MailIt may seem as though it's always been around, but Hotmail is only just about to turn 14 years old. It wasn't the first webmail client, but it was the first one to make an impact, being free and available to anyone who wanted to sign up for it.

Before webmail clients such as Hotmail came along, if you wanted to chat to someone your options were essentially the telephone or face to face. Geeks were already creating Usenet groups and means of reaching out to each other in an organic way, much like today's social networks, but most of us wrote letters for our personal communications. These days, most of us can barely function without an email address and the ability to access it whenever we like.

Back at the dawn of webmail, many of us routinely fell foul of Hotmail's strict rule that if you didn't access your account for 30 days, you clearly didn't want it – and were locked out. Eventually, Microsoft saw sense and upped this to 90 days but, by then, email had become so entrenched in most of our lives that the idea of going three days – let alone three months – without checking your inbox seemed absurd.

At first, being able to get online to access our inboxes was a bigger concern than finding dodgy messages in there, but that soon changed. By February 2006, 96 percent of all email traffic directed at Hotmail accounts was spam or 'grey mail' – the newsletters and marketing messages you signed up to once but don't want to see every time you check your inbox. Grey mail isn't spam because it's not unsolicited – you agreed to receive it – but it all adds up to a mountain of missives sitting in your inbox, hiding the messages you actually want to read.

Microsoft says grey mail is the next big challenge for email. Its SmartScreen solution involves automatic management of our inboxes, and not just Hotmail inboxes either: Microsoft makes a virtue of the fact that the same SmartScreen security and filtering is applied to webmail as to its Outlook, Exchange and enterprise products. This learns how we deal with our emails and tries to pre-empt our reaction to messages from certain people or companies. Eventually, it will be able to do your filing for you, leaving just the emails you want to read.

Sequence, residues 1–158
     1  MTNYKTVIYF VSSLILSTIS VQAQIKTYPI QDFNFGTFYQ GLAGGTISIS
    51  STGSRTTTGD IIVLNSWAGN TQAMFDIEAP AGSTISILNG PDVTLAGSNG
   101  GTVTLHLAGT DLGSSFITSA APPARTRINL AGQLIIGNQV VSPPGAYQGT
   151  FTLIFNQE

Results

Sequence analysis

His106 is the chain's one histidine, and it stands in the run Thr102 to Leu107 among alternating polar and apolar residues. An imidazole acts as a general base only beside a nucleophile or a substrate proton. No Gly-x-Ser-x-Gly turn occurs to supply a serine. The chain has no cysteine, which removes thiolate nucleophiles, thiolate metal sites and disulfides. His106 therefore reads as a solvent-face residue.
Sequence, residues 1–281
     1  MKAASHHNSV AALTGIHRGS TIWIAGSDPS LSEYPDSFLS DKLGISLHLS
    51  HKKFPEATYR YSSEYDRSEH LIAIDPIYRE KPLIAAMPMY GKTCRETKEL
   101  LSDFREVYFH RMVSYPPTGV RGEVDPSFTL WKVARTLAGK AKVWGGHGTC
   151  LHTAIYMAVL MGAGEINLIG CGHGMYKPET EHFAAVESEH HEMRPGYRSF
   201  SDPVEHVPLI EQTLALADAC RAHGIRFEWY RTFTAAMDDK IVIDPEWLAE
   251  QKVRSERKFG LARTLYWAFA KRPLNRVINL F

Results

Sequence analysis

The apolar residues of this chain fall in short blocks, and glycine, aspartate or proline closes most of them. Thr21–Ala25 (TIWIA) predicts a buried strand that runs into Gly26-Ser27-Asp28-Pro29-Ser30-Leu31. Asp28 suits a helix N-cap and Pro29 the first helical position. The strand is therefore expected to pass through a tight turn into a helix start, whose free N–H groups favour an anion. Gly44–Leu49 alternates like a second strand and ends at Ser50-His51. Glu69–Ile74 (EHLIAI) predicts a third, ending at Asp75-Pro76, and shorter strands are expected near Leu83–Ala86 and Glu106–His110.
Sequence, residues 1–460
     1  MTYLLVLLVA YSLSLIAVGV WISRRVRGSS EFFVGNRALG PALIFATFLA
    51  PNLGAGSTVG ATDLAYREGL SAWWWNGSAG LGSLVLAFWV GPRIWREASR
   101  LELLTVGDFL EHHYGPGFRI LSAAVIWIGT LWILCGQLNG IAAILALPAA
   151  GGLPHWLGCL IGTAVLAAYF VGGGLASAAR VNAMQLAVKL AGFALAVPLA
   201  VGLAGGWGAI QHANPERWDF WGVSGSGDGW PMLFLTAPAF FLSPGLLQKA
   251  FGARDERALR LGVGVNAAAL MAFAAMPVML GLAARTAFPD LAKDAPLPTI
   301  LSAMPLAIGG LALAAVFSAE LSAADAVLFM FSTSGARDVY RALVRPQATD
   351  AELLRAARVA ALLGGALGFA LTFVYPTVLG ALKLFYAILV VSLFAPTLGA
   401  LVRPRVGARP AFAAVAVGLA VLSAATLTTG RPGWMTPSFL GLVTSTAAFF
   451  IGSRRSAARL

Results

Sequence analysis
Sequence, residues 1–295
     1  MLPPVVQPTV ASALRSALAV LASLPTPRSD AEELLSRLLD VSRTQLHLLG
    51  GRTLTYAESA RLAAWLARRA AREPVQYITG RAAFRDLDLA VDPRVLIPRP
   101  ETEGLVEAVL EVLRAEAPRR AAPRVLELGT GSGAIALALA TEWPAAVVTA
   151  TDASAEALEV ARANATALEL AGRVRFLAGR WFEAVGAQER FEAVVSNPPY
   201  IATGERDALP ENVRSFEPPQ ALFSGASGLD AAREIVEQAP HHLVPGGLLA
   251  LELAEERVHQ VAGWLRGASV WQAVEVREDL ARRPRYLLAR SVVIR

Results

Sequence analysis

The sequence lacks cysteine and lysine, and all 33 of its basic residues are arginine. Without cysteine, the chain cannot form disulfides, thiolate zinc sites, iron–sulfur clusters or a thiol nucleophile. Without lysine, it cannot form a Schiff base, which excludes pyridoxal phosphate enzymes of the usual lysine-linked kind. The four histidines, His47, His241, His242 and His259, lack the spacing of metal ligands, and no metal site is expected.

And if that sounds a little Orwellian, Microsoft is keen to reassure you. Walter Harp, director of Hotmail and Windows Live, told us that the firm doesn't scan the body of emails to interpret their meaning, as Gmail does. However, Harp didn't completely reject the idea. "Webmail services that provide any degree of adequate spam protection will machine-detect elements of a mail to assign it a probability rating of being either legitimate, spam, or somewhere in between," he conceded.

Big Brother is watching you

These days, it seems, we expect our data to be monitored, even if it's stored on our hard drive. From ISPs being allowed to monitor the content of what we download using our broadband connections to Gmail serving up context-based adverts based on the words in our communications, data filtering and reaction to our actions is already happening. It may be benign, but judgements about what we write and what we do with the messages we receive are made all the time. We outline other ways in which we're spied on in our Tech secrets exposed feature, in the August issue of PC Advisor - on sale today.

Meanwhile, we also look at how Microsoft is using subtle tricks and context-based menus – again based on user actions – in its brand-new Office 2010 suite.

All these developments make our everyday tasks that bit easier to accomplish, but they also seem to make our words slightly less our own.

Pick up a copy of the August issue of PC Advisor to read all about it.

Microsoft Office 2010 review